Mesenteric Lymphadenitis Medication

Updated: Oct 23, 2019
  • Author: Alan S Putrus, MBChB; Chief Editor: Burt Cagir, MD, FACS  more...
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Medication

Medication Summary

Antibiotics are often started empirically in moderately to severely ill patients, using broad-spectrum antibiotics intended to cover the commonly associated pathogens. Antibiotic treatment should then be adjusted based on the sensitivity of the isolated pathogen. Treatment duration is variable based on the cause and severity of illness. For uncomplicated cases, antibiotic treatment is not necessary.

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Antibiotics

Class Summary

When indicated, empiric antimicrobial therapy must be comprehensive and should cover the likely pathogens in the context of the clinical setting. Given the predominance of Y enterocolitica, initial antibiotic selection from trimethoprim-sulfamethoxazole (TMP-SMX), third-generation cephalosporins, fluoroquinolones, aminoglycosides, and doxycycline should be considered. These agents provide broad coverage for enteric pathogens.

Metronidazole (Flagyl, Protostat)

Imidazole ring-based antibiotic active against various anaerobic bacteria and protozoa. Exerts a bactericidal effect by inhibiting protein synthesis. Used in combination with other antimicrobial agents (except for Clostridium difficile enterocolitis).

Clindamycin (Cleocin)

Lincosamide used for treatment of serious skin and soft tissue staphylococcal infections. Also effective against aerobic and anaerobic streptococci (except enterococci). Inhibits bacterial growth, possibly by blocking dissociation of peptidyl t-RNA from ribosomes, thus causing cessation of RNA-dependent protein synthesis.

Ampicillin (Omnipen, Polycillin)

Bactericidal activity against susceptible organisms. Alternative to amoxicillin when unable to take medication orally.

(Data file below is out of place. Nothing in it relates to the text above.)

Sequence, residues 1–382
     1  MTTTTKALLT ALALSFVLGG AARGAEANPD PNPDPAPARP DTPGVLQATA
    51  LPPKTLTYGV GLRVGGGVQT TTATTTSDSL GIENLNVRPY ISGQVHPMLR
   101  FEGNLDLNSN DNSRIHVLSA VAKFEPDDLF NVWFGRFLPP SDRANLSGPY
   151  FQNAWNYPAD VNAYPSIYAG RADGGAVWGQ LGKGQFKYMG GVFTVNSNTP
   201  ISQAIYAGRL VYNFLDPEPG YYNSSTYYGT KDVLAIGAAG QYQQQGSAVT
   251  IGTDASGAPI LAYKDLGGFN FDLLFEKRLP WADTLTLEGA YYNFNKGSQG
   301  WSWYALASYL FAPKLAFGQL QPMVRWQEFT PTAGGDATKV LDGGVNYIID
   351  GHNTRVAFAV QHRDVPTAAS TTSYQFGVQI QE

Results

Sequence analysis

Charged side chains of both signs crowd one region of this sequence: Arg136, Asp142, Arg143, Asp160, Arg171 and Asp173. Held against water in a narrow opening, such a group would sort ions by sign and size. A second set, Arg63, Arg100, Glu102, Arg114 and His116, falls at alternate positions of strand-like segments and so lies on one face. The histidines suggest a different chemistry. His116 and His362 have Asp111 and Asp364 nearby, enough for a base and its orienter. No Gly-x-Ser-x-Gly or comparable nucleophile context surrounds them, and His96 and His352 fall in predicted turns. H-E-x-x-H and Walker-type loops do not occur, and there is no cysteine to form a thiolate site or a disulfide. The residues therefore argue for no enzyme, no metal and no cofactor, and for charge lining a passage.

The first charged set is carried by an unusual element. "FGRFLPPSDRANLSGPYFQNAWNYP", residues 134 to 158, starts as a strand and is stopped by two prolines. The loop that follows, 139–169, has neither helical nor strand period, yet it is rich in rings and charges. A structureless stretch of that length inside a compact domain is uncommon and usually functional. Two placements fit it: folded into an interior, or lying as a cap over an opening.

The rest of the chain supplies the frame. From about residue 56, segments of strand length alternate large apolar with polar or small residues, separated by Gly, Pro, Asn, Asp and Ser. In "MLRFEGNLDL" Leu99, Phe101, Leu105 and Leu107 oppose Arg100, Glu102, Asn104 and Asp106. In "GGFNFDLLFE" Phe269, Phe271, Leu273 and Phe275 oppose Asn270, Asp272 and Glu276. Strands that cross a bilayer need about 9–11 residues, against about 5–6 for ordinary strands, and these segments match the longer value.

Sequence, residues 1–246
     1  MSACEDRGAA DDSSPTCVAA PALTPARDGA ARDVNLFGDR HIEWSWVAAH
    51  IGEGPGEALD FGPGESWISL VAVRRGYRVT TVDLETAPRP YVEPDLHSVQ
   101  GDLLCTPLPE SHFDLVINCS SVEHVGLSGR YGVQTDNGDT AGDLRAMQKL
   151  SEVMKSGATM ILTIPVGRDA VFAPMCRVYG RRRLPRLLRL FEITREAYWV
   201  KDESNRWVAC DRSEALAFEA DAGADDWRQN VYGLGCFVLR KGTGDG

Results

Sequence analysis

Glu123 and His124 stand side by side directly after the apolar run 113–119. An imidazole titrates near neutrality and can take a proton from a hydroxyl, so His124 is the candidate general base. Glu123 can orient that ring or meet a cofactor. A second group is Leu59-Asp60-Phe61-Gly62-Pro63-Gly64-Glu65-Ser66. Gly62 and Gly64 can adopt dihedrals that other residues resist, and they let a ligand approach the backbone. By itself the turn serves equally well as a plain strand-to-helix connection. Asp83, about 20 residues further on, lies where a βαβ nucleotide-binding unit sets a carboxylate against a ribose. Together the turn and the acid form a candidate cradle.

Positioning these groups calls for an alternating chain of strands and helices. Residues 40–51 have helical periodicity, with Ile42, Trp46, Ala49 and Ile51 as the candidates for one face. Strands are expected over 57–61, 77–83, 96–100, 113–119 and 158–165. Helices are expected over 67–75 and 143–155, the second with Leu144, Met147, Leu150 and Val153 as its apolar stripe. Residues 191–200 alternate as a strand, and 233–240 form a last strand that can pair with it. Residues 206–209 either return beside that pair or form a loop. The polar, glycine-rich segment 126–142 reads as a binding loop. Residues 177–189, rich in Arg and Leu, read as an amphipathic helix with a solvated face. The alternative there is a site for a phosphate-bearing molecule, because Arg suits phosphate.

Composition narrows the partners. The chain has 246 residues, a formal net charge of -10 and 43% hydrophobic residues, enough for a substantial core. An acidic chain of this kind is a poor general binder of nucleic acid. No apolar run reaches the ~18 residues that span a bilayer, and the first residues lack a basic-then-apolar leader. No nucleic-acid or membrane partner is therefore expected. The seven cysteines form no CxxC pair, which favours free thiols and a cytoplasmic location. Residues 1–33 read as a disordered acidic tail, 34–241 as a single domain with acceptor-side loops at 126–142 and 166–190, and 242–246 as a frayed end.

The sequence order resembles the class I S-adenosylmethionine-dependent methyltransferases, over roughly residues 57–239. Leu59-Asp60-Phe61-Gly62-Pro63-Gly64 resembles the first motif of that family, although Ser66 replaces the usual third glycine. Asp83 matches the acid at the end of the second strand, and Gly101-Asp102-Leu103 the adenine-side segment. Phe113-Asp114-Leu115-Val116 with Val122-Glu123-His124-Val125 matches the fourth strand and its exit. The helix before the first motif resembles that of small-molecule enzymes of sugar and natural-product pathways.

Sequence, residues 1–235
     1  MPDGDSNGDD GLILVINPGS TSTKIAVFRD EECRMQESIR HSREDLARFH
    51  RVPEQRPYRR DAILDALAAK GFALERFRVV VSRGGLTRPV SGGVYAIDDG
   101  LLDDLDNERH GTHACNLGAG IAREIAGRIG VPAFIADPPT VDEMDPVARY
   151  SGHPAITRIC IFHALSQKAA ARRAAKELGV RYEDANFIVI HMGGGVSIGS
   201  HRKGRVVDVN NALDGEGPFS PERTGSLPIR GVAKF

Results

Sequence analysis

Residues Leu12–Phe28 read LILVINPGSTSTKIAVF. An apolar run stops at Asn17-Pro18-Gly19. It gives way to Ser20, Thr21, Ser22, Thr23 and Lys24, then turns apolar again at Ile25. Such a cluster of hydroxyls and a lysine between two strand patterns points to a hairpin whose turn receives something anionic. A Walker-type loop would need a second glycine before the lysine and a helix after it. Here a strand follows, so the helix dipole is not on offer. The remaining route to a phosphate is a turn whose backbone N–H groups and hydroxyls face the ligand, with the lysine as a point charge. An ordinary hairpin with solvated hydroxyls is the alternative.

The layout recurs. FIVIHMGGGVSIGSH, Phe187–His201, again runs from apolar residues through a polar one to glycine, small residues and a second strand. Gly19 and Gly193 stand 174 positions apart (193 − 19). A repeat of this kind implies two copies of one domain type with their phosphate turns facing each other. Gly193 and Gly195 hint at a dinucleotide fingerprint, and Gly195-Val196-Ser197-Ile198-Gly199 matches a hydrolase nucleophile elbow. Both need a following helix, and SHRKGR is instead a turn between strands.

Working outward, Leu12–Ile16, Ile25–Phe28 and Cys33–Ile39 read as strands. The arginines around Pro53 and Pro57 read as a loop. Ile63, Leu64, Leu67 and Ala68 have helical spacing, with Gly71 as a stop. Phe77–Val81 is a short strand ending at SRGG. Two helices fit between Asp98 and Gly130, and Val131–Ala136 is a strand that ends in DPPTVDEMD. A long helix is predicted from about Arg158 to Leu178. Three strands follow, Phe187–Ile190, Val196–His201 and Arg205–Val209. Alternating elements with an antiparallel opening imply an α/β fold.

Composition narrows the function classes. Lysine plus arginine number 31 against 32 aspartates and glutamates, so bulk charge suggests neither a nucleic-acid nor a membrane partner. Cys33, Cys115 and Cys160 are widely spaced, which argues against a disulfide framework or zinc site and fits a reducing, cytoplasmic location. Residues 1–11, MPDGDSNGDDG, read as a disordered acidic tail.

Amoxicillin (Amoxil, Trimox)

Interferes with synthesis of cell wall mucopeptides during active multiplication, resulting in bactericidal activity against susceptible bacteria.

Ciprofloxacin (Cipro)

Fluoroquinolone with activity against pseudomonads, streptococci, MRSA, Staphylococcus epidermidis, and most gram-negative organisms but no activity against anaerobes. Inhibits bacterial DNA synthesis and, consequently, growth. Trovafloxacin (Trovan) overcomes many of these limitations. Continue treatment for at least 2 d (7-14 d typical) after signs and symptoms have disappeared.

Imipenem/cilastin (Primaxin)

For treatment of multiple organism infections in which other agents do not have wide-spectrum coverage or are contraindicated because of potential for toxicity.

Cefoxitin (Mefoxin)

Second-generation cephalosporin indicated for gram-positive cocci and gram-negative rod infections. Infections caused by cephalosporin- or penicillin-resistant gram-negative bacteria may respond to cefoxitin.

Ticarcillin/clavulanate (Timentin)

Inhibits biosynthesis of cell wall mucopeptide and is effective during stage of active growth. Antipseudomonal penicillin plus beta-lactamase inhibitor that provides coverage against most gram-positive bacteria, most gram-negative bacteria, and most anaerobes.

Ampicillin/sulbactam (Unasyn)

Drug combination of beta-lactamase inhibitor with ampicillin. Covers skin, enteric flora, and anaerobes. Not ideal for nosocomial pathogens.

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